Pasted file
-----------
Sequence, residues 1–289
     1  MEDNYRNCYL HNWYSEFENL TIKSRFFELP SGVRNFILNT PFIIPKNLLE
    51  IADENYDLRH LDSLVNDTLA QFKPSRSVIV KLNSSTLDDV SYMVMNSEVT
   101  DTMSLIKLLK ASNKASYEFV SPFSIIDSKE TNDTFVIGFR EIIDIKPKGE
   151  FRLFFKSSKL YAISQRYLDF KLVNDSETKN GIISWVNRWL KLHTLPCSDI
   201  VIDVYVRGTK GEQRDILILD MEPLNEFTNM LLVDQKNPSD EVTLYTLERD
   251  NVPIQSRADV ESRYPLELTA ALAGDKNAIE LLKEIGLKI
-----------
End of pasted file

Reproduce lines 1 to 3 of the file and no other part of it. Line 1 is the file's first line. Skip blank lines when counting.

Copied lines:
Sequence, residues 1–289
     1  MEDNYRNCYL HNWYSEFENL TIKSRFFELP SGVRNFILNT PFIIPKNLLE
    51  IADENYDLRH LDSLVNDTLA QFKPSRSVIV KLNSSTLDDV SYMVMNSEVT